Higher white-matter hyperintensity tied to greater parkinsonism risk in elderly: JAMA
Chicago, Illinois: Higher levels of both white matter hyperintensity (WMH) and indices of cerebrovascular disease pathologies are associated with more progressive parkinsonism in older adults, shows a recently released research. The study was published in the journal JAMA Neurology on November 1, 2021.Progressive parkinsonism is a common occurrence in older adults without a diagnosis...
Chicago, Illinois: Higher levels of both white matter hyperintensity (WMH) and indices of cerebrovascular disease pathologies are associated with more progressive parkinsonism in older adults, shows a recently released research. The study was published in the journal JAMA Neurology on November 1, 2021.
Progressive parkinsonism is a common occurrence in older adults without a diagnosis of Parkinson's disease. It is associated with adverse health outcomes but its pathologic basis is controversial. Shahram Oveisgharan, Rush University Medical Center, Chicago, Illinois, and colleagues, therefore, aimed to examine if the burden of cerebral white matter hyperintensity, a common manifestation of cerebrovascular disease pathologies, is associated with the rate of progressive parkinsonism in a community-based cohort study.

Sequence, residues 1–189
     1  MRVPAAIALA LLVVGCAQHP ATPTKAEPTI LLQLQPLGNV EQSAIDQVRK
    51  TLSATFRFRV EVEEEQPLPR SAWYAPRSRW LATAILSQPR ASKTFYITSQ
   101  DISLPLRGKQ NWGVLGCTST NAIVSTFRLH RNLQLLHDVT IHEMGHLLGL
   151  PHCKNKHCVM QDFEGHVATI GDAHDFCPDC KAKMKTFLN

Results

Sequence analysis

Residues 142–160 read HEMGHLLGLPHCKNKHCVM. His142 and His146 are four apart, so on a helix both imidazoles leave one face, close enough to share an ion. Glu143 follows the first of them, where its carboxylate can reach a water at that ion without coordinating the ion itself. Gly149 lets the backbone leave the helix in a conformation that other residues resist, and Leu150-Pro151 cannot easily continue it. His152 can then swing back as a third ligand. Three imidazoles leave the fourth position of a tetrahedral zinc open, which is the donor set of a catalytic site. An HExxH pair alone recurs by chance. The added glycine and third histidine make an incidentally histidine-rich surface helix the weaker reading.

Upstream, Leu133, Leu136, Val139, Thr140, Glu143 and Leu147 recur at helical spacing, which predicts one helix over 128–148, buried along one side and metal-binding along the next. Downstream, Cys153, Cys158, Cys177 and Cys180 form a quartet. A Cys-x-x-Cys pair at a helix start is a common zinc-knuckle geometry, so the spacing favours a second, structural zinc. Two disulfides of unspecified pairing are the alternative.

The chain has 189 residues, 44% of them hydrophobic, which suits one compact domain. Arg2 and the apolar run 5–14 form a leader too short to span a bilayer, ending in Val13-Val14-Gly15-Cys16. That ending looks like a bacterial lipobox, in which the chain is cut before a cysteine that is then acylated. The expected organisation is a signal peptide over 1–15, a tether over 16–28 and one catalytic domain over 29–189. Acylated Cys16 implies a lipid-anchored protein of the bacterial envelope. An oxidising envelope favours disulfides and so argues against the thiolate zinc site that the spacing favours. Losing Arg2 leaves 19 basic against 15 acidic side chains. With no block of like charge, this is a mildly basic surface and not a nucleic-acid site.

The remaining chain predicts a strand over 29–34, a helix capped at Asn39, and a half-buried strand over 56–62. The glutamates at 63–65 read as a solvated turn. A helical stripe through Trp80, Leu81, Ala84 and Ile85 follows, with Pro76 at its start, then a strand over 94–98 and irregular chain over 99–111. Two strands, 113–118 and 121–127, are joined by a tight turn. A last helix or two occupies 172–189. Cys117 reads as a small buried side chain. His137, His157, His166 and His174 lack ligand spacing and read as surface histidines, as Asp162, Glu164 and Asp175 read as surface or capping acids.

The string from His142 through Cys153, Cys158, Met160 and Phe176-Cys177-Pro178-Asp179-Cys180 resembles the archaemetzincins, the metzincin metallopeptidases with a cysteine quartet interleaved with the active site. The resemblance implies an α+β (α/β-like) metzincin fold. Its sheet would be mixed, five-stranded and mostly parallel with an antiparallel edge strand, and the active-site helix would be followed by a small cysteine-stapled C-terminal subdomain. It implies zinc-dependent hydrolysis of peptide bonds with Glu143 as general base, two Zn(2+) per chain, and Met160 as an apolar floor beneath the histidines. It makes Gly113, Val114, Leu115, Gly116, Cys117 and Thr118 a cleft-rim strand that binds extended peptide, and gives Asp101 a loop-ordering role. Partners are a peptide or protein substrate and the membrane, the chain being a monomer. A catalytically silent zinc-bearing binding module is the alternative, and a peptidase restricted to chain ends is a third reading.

The study included participants recruited in 3 ongoing cohorts that began enrollment in 1994, 1997, and 2004. Participants were observed for a mean of 7.5 years, prior to death. From 4427 participants enrolled in the 3 cohorts, 2134 died. Postmortem autopsy was performed in 1725 decedents, and 598 also had ex vivo brain magnetic resonance imaging (MRI).
Participants were excluded if they were missing any of the 9 postmortem pathology indices (n = 22) or repeated parkinsonism assessment (n = 41) or had received a clinical diagnosis of Parkinson disease at any point before or during the study (n = 19) and were analyzed from April 2020 to August 2021.
Parkinsonism was assessed annually using 26 items of a modified motor portion of the Unified Parkinson's Disease Rating Scale. A summary score was developed from the item scores, with higher scores indicating more severe parkinsonism.
Of 516 included decedents, 364 (70.5%) were female, and the mean age at death was 90.2 years.
Following were the findings from the study:
- Higher WMH was associated with faster progressive parkinsonism (estimate, 0.024; SE, 0.008).
- The attenuation of this association was greater when controlling for indices of cerebrovascular disease pathologies than when controlling for neurodegenerative pathologies (cerebrovascular disease: estimate, 0.019; SE, 0.008; neurodegenerative: estimate, 0.022; SE, 0.008), but both remained significant.
"Further studies are needed to determine if in vivo brain imaging of older adults for evidence of WMH and aggressive medical treatment of vascular risk factors and diseases can reduce the occurrence or severity of late-life parkinsonism," wrote the authors.
Oveisgharan S, Yu L, Poole VN, et al. Association of White Matter Hyperintensities With Pathology and Progression of Parkinsonism in Aging. JAMA Neurol. Published online November 01, 2021. doi:10.1001/jamaneurol.2021.3996